Over the past year, trade relations between the United States and China have continued to strain under increased tariffs imposed by the Trump administration. Now, President Trump is shifting his focus toward Mexico, another of the US’s top trade partners, and consumer tech groups are worried.
On Thursday, Trump announced that he plans to impose a 5 percent tariff on all imported goods from Mexico as a direct response to the number of unauthorized immigrants who are arriving in the United States via the southern border. The tax will go into effect on June 10th and increase each month, reaching a maximum of 25 percent in October, unless Mexico finds a way to deter illegal migration across the US southern border.
In statements on Friday, top tech industry, lobbying, and advocacy groups argued that these new tariffs were inappropriate and could lead to Mexico imposing its own tariffs on the US in retaliation, with serious consequences for the industry if the situation escalates.
“This is potentially devastating to American small businesses and all the people they employ,” Gary Shapiro, president and CEO of the Consumer Technology Association (CTA), said in a statement. “This is a short-sighted, short-tempered reaction that doesn’t recognize a basic economic fact – tariffs are taxes.” The CTA sponsors consumer tech events, including its annual Consumer Electronics Show (CES).
These new tariffs on Mexico piggyback off of the Trump administration’s ongoing trade war with China. Earlier this month, Reuters reported that $300 billion worth of Chinese goods like cellphones and laptops would be subject to new tariffs. Because of this, some companies, like GoPro, recently announced that they will move production from China to Mexico. Mexico has emerged as one of the US’s top export markets, alongside China and Canada. According to the CTA, the US exported $41 billion worth of consumer tech goods to the country in 2017 alone.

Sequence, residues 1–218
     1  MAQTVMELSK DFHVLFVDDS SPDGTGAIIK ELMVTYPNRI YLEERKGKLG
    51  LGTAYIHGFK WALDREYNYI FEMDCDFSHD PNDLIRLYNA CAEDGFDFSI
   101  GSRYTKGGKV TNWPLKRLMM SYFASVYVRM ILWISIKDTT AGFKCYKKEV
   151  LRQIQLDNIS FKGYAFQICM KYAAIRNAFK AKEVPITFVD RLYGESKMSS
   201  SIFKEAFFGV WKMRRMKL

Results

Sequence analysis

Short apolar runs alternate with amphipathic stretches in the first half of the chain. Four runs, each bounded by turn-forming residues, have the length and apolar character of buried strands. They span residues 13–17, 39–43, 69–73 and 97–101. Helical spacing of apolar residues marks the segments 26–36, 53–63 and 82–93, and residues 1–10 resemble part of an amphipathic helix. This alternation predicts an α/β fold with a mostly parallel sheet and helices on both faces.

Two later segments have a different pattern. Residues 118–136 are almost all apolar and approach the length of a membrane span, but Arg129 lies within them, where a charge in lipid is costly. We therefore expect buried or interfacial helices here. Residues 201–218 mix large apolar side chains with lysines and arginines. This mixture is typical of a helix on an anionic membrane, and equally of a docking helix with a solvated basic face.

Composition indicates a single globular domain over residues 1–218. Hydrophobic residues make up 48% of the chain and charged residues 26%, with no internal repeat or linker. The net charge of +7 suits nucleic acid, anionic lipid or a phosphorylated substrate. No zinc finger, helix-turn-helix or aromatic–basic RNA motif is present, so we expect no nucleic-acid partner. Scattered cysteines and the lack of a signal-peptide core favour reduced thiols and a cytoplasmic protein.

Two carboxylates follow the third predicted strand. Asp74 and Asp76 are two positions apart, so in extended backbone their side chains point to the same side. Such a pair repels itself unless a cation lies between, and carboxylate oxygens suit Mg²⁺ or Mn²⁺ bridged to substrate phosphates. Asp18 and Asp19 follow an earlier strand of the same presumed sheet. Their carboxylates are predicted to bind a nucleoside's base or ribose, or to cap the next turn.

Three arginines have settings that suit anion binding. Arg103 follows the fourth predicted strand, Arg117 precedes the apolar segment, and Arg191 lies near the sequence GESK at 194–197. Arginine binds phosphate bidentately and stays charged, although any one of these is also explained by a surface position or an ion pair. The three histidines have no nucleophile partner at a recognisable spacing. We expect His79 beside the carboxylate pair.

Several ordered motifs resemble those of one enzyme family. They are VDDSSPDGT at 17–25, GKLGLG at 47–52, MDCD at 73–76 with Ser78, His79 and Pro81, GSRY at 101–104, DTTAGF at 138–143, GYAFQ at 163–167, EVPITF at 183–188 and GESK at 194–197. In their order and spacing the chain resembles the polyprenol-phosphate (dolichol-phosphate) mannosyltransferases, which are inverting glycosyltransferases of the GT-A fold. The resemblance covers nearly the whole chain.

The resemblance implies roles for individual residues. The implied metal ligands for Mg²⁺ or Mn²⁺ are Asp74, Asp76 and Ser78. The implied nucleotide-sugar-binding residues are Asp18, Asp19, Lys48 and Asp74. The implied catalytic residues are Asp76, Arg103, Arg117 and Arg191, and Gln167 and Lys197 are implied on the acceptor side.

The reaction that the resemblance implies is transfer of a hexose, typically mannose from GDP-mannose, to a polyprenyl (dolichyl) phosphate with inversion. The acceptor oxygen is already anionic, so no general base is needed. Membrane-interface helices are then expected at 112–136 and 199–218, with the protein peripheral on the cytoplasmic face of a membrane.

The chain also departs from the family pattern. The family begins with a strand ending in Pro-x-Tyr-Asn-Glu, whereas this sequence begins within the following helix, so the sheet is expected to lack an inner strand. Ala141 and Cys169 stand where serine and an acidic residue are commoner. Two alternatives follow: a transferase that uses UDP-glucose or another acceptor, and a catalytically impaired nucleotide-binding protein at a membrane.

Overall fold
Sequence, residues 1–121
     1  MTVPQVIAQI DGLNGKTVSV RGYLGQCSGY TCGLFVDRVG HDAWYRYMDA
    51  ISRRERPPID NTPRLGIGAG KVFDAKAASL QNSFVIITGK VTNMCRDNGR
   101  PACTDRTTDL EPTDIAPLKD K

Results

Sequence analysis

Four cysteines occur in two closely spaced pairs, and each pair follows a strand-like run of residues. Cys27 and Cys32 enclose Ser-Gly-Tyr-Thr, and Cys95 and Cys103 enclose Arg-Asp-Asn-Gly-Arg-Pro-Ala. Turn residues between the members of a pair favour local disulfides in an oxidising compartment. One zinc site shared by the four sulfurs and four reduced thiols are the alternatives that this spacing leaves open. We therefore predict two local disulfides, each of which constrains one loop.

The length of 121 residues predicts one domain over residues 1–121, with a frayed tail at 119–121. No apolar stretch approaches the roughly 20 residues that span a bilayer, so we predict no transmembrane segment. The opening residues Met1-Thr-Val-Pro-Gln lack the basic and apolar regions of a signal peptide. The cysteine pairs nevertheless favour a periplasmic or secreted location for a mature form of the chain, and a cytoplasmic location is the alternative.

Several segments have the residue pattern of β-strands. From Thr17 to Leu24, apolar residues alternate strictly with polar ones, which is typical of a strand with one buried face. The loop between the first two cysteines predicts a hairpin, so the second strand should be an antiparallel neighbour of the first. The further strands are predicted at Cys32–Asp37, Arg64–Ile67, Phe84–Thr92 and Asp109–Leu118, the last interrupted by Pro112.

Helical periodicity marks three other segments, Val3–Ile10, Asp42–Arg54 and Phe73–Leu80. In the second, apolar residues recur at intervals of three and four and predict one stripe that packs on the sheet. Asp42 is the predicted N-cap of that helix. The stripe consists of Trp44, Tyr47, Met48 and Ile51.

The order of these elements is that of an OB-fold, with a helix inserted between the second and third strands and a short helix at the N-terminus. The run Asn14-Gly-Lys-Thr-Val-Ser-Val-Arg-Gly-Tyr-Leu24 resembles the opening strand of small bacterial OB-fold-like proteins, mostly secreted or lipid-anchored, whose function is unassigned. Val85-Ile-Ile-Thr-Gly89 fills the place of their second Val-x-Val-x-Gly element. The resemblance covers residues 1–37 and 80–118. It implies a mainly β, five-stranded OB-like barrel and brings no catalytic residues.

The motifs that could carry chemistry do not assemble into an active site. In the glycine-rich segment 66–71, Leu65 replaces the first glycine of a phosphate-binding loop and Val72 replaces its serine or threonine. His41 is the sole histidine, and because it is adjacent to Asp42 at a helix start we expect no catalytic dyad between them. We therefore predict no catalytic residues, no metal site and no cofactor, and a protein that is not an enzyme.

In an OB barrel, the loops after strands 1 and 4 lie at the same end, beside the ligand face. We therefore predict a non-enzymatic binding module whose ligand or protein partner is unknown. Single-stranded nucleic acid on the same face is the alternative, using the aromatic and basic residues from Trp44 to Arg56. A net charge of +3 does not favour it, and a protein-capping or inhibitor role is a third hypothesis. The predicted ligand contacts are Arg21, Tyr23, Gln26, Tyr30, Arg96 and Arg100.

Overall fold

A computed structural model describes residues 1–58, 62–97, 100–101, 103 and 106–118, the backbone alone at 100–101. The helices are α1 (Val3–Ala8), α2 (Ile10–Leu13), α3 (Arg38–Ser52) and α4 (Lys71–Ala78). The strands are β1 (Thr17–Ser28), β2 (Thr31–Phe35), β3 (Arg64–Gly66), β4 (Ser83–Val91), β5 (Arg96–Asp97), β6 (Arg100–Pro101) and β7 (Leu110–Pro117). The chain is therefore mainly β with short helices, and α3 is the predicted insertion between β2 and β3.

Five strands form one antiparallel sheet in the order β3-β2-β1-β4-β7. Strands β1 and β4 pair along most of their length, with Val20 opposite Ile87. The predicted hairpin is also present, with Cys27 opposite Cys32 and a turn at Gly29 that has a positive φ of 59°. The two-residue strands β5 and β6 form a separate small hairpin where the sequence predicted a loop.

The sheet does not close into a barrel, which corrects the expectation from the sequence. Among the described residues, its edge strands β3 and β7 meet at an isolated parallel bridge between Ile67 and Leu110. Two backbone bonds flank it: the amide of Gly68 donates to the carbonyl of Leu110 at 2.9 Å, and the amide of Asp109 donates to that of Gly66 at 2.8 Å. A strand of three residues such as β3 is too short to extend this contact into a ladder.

GoPro declined to comment.
“Tariffs are not an appropriate tool to address serious immigration challenges,” Jason Oxman, CEO and president of the Information Technology Industry Council (ITI), said in a statement. “The most effective way to address these concerns is for the administration and Congress to pass a permanent solution to fix the United States’ broken and outdated immigration system.”
These new tariffs were announced shortly after Trump disrupted talks with House Democrats over the United States-Mexico-Canada Agreement (USMCA), a new trade agreement the administration has proposed to replace the North American Free Trade Agreement (NAFTA). On Thursday, Trump imposed a 30-day time limit on talks to amend the bill, pressuring Democrats, like House Speaker Nancy Pelosi (D-CA), to move ahead with it.
It was this bill that tech groups like the Computer and Communications Industry Association (CCIA) invoked today in statements. A new trade agreement and legislation to change the US’s immigration system were some of the options groups pressured the administration to pursue.
“The blunt tool of tariffs will harm American consumers and industries, and risks the full realization of the benefits of a modern trade agreement that brings the North American market into the 21st century,” CCIA president and CEO Ed Black said.